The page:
How to Ask a Customer if He Has Made a Decision
When you sell, you must go through stages of persuasion, answering questions, and making proposals. The final stage, closing, is the most challenging. If the customer has not indicated a final decision, you can find yourself waiting and wondering. If you’ve presented all the relevant information, the decision might rest in the customer’s hands. That doesn’t mean you can’t ask the customer to decide. Find ways to ask if customers have decided to buy from you.
Instead of asking, “Would you like to buy this?” ask, “How would you like to pay for that?” The second question presumes the buying decision has been made, and all that remains is deciding whether to use cash or credit. Other alternatives include: “Let me gift wrap that for you;” “How many would you like?”; and “You really seem to like this. It’s time to decide if you’re worth it.”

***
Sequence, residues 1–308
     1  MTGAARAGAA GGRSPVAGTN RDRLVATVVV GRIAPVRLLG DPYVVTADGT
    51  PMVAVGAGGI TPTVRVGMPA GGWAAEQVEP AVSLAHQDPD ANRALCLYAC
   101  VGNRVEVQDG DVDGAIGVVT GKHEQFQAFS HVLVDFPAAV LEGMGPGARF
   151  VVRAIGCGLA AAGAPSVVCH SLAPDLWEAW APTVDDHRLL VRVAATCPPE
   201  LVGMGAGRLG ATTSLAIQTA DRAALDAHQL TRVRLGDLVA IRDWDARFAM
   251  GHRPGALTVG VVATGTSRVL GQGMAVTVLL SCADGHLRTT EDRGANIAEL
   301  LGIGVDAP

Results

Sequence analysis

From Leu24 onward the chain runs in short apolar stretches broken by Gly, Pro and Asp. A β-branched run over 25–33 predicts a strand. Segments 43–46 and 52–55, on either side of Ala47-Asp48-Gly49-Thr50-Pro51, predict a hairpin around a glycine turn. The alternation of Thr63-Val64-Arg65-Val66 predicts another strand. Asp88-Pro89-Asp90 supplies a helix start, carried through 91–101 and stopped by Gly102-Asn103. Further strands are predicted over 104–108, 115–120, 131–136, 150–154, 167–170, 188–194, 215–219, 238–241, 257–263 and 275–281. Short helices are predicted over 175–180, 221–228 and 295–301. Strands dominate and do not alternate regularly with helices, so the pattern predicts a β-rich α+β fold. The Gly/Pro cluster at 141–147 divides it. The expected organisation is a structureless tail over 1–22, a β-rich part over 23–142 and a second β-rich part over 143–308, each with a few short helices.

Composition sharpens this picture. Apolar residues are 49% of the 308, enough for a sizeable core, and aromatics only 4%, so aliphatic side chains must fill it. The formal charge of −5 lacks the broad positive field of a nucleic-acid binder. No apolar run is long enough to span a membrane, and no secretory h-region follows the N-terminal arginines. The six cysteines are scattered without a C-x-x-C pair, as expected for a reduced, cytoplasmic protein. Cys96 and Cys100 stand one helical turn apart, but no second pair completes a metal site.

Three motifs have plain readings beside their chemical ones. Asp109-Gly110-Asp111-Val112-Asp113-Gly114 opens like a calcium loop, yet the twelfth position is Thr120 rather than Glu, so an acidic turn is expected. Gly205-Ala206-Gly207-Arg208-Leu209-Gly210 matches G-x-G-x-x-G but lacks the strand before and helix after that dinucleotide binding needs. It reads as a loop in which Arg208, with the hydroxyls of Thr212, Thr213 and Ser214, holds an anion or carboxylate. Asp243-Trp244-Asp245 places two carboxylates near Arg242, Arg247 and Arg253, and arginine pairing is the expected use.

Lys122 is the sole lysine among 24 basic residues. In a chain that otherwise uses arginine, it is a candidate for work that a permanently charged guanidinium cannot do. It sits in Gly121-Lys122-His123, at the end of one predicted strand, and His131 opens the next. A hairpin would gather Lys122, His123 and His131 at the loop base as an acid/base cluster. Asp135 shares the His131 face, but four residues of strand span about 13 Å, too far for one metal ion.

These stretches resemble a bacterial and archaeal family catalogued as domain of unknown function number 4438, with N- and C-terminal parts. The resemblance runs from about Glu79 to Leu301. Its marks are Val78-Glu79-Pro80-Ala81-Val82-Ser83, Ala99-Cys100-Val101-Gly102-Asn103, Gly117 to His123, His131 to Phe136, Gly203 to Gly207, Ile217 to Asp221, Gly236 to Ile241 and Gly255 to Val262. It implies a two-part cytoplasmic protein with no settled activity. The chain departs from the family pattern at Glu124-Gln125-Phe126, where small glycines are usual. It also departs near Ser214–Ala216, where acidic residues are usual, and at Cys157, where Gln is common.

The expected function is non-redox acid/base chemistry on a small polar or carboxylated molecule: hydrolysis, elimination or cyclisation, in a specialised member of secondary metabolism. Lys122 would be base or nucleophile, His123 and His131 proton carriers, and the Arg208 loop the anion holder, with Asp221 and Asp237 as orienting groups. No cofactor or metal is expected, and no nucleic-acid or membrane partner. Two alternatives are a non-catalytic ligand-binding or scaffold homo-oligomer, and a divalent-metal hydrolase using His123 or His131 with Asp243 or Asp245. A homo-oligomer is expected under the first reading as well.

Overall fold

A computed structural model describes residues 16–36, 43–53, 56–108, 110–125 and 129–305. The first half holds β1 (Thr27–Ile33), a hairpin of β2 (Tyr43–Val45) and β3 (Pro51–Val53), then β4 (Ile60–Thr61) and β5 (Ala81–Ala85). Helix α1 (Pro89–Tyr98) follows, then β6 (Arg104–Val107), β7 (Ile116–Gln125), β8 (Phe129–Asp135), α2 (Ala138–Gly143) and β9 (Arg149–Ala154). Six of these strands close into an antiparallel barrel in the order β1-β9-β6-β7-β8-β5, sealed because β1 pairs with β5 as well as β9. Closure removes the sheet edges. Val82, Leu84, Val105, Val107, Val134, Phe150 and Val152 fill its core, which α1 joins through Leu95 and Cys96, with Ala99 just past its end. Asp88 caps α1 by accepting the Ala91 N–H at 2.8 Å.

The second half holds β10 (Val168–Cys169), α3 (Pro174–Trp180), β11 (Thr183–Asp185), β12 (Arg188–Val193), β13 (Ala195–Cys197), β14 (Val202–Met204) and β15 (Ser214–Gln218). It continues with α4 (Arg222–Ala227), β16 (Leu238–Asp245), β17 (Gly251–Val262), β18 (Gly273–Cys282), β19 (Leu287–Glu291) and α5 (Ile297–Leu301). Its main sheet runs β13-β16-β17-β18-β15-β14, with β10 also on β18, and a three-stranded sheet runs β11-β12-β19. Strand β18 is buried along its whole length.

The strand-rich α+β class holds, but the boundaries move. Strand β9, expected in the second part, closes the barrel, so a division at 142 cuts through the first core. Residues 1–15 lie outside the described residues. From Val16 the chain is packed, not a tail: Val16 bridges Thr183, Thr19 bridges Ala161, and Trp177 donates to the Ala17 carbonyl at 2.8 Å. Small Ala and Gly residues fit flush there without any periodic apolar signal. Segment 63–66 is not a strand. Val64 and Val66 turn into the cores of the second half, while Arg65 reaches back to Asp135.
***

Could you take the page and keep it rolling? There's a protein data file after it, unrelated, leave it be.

Sometimes a customer might hesitate for good reasons. Don’t be afraid to ask directly. For example, you can say, “What would help you make up your mind?” This leads the customer in the direction of finding the solution for his own dilemma. You can also ask, “How can I make this decision easier for you?” Make yourself an ally who helps the customer make the decision.
One way to remove some of the pressure from the buying decision is to ask, “If I offered you our best price, would you buy right now?” This question offers a hypothetical situation for the customer to consider. You can also remove pressure with a question such as, “If I answer all of your questions in a way that satisfies you, would you buy?” This question invites the customer to try out her own version of closing the sale.
You also can ask questions that focus the customer on the benefits of the purchase, such as, “How will this purchase solve a problem for you?” Another version of this is, “What will be the greatest benefit to you if you buy this?” This forces the customer to consider the positives, which might outweigh any negatives that are causing hesitation.